May 25, 2015

Baking Powder Biscuits and Biscuits Cookbook Review



   Biscuits: Sweet and Savory Southern Recipes for the All-American Kitchen, by: Jackie Garvin
 An entire cookbook full of biscuits recipes!!  Let me just say the author of this cookbook knows biscuits.  You can tell she is an expert biscuit maker and I would love to taste some of her homemade biscuits.  Sure, we now have her delicious recipes, but I would love to try these recipes actually made by her.   She said she has been surrounded by biscuits, eaten biscuits, loved biscuits and dreamed of biscuits her entire life.

The book starts out with stories about her childhood, how she started making biscuits, how she started her blog Syrup and Biscuits.  She then tells you what type of flour and other ingredients she recommends along with tips for creating perfect biscuits.  She has some great tips, like making sure to cut straight down with the biscuit cutter and to not twist it.  If you twist the biscuit cutter, the biscuits won't rise as much.   
The first recipes in the book require using the "layering technique" when preparing biscuits.  You roll out the dough, then fold the dough several times to create layers.  I wasn't sure how this technique was going to work for me, but it ended up being pretty simple.  The only thing I didn't like is the instructions for this technique is not included on every page.  This is when I thought it would be nice to have an actual hard copy of the book to flip back and forth between the recipe page and instructions page.  I have an e-book, so I didn't want to scroll from page to page with my sticky biscuit fingers.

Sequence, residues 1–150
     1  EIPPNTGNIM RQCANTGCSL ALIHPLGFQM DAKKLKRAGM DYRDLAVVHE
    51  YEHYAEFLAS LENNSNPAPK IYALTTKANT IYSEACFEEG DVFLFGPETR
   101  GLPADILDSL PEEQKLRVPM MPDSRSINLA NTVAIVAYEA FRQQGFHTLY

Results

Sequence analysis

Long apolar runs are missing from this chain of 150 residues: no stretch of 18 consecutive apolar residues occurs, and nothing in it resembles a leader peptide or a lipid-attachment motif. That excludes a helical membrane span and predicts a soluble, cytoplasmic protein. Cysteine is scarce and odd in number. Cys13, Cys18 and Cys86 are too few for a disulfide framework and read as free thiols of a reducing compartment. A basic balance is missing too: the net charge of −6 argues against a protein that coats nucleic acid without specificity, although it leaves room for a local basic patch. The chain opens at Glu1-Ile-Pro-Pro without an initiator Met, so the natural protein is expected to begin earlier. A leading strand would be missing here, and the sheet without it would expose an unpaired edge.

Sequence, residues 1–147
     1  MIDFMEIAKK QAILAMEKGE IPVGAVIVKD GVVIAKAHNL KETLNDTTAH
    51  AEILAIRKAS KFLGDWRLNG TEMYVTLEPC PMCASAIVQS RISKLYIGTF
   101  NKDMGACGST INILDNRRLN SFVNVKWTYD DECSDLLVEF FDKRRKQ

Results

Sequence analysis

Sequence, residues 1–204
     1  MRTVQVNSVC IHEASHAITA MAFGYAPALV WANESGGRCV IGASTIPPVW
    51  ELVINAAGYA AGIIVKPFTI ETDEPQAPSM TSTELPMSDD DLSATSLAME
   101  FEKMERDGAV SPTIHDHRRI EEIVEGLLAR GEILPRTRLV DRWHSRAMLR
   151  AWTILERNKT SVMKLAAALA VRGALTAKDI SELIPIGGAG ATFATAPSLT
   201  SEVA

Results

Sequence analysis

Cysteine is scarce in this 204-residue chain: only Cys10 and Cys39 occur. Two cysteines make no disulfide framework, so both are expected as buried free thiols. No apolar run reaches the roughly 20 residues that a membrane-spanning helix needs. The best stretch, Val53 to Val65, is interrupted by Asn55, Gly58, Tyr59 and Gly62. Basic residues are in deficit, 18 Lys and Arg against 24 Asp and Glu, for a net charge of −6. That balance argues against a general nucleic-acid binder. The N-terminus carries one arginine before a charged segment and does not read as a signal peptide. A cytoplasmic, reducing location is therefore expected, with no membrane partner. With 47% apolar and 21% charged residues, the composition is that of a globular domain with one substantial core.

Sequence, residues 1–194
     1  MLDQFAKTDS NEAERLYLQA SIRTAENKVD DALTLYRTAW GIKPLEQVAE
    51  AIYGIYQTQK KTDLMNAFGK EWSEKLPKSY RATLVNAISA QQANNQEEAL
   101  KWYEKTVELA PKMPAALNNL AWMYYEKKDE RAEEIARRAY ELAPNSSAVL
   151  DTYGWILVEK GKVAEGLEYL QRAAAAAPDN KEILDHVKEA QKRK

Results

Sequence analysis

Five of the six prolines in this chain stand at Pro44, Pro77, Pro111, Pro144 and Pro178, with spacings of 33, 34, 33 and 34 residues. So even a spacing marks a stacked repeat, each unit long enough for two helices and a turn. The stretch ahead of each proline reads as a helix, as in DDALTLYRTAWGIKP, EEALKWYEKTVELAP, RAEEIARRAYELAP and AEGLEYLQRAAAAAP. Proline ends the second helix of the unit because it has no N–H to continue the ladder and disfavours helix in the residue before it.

I tried the Baking Powder Biscuits and they are so light and tender and flaky and amazing!!! Seriously, delicious.  They are slightly crispy on the edges, but so soft in the center.  The original recipe does not call for sugar, but I really really like sugar in my biscuits, so I added some.  This recipe is very similar to my Buttermilk Biscuit recipe, except I don't use the "layering technique" when making them, but I think I'll have to start using that method from now on.

Overall, I would say the level of this book is intermediate.  I say this because some of the instructions might be a little difficult for a new biscuit maker to understand.  It is loaded with pictures.  There are regular biscuit recipes, recipes for leftover biscuits, sweet biscuits recipes, savory biscuit recipes, biscuit topper recipes and more.  Pretty much anything and everything you can do with a biscuit will be in this book and everything sounds amazing.    

Some of the other recipes I can't wait to try are: Honey Whole Wheat Cream Biscuits, Sweet Potato Biscuits, Garlic Cheese Biscuits, Raspberry Biscuit Pudding, Maple Cinnamon Rolls, Chocolate Chip Biscuits, Strawberry Banana Nut Biscuit Bread, Peach Raspberry Scones and Supreme Pizza Pull Apart Bread.
Baking Powder Biscuits
adapted from: Biscuits
(Printable Recipe) or (Printable with Picture)

2 c. all-purpose flour, plus more as needed
1 Tbl. baking powder
1 tsp. kosher salt
3 Tbl. sugar, opt.
1/2 c. unsalted butter, diced and chilled
1 c. buttermilk

Place flour, baking powder and salt in a large mixing bowl and mix together with a fork or whisk.  Add cold, diced, butter and use a pastry cutter to blend in the butter until it resembles coarse meal, with pea size pieces of butter.  Stir in the buttermilk with a fork or wooden spoon.  Dough should be sticky.    

Turn the dough out onto a tea-towel that has been sprinkled with flour. Sprinkle the top of the wet dough with flour.  Lightly knead the dough, working in the flour.  Add more flour as needed until the dough is no longer sticky and holds its shape.  Don't let a recipe dictate the proportions of wet to dry ingredients.  Develop "the touch" and know when the dough feels right.  Roll or pat out the dough until it's 1/4-inch thick long-ways on the towel.  Make sure there is enough flour under the dough to prevent sticking.  Grab the right side of the towel and fold the right third of the dough toward the center.  Grab the left side of the towel and fold the left third of the dough toward the center.  Grab the top of the towel and fold the dough in half from top to bottom.  Grab the bottom of the towel and fold the dough in half bottom to top.